Researchers find positive connection between wood duck’s reproduction, survival

Wood duck with ducklings-h.photo
A female wood duck

Athens, Ga. – Using long-term data and breeding history of female wood ducks, researchers at the University of Georgia’s Savannah River Ecology Laboratory set out to determine what affects the waterfowl’s ability to reproduce and survive.

Based on previous studies, the researchers predicted a wood duck’s nest success—defined as a bird’s ability to produce at least one offspring that departs from the nest—would come at a high cost to the hen and impact her survival, said Robert Kennamer, a research professional at the laboratory.

However, they discovered the opposite to be true, instead finding “a strong positive relationship between nest success and annual survival,” said study co-author Gary Hepp, a professor emeritus at Auburn University, who formerly worked at the laboratory.

“In our long-term study of wood ducks, females that nested successfully in a given year were not less likely to nest successfully the following year compared to females that were unsuccessful the previous year.”

They used mathematical models to analyze data acquired from 1986-96 on female wood ducks nesting on the U.S. Department of Energy’s Savannah River Site near Aiken, South Carolina.

Previous findings also document a bird’s body mass as an indicator of its condition. This led the team to predict that a larger female would be of better quality and more likely to reproduce successfully than a smaller female—and that they would be more likely to survive the breeding process into the next year. However, their findings proved this prediction to be false as well.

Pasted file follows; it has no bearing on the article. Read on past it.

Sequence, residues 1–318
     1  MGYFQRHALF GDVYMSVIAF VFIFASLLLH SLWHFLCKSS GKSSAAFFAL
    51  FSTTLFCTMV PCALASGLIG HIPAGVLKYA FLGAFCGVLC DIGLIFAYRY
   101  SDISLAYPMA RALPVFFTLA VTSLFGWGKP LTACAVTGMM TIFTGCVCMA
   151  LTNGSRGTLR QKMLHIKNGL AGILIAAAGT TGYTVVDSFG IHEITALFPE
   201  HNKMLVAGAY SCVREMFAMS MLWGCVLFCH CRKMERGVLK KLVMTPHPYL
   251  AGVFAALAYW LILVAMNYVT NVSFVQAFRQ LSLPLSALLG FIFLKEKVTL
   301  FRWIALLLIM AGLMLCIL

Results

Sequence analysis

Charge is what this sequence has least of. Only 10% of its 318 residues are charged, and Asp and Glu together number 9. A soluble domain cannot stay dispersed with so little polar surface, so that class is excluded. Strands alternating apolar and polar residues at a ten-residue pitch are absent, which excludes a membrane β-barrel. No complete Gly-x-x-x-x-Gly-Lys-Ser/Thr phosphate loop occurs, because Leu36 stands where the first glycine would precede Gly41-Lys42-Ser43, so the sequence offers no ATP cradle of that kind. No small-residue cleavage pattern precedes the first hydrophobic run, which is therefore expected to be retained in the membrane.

To obtain the data, the researchers set up 150 nest boxes in diverse wetland habitats on the Savannah River Site. They were able to observe 487 female birds—236 yearlings and 251 adults—during the capture, mark and recapture period.

Age, body mass and wetland condition—the amount of moisture contained within the wetland—were entered into a mathematical model to determine what caused year-to-year variations in survival rate.

Upon determining these factors were of little significance, and the number of successful nests had a greater influence on a bird’s survival, the team used a second mathematical model to thoroughly analyze nest success.

The second model evaluated the probability of a hen’s body weight and reproduction transitioning between four states: heavy and nesting successfully, heavy and nesting unsuccessfully, light and nesting successfully and light and nesting unsuccessfully. The greatest probabilities were with successful females continuing to be successful whether they were heavy or light.

Kennamer said the study results indicate there are super females within a population that contribute to that population’s survival, and there are various unidentified factors that produce these birds.

“It is important for us to determine what defines or determines the quality because these high-quality females, or ‘super birds,’ are generally the most productive in these populations,” he said.

The researchers said future studies are needed to narrow down the cause of individual differences in the female population, including identifying factors that develop a super duck; those differences and findings need to be taken into consideration in the development of harvest regulations.

Bradley Alexander from Auburn University was also a co-author on the study.

The study, “Effects of current reproductive success and individual heterogeneity on survival and
future reproductive success of female wood ducks,” was published in the journal The Auk: Ornithological Advances and is available at http://www.aoucospubs.org/doi/full/10.1642/AUK-15-183.1.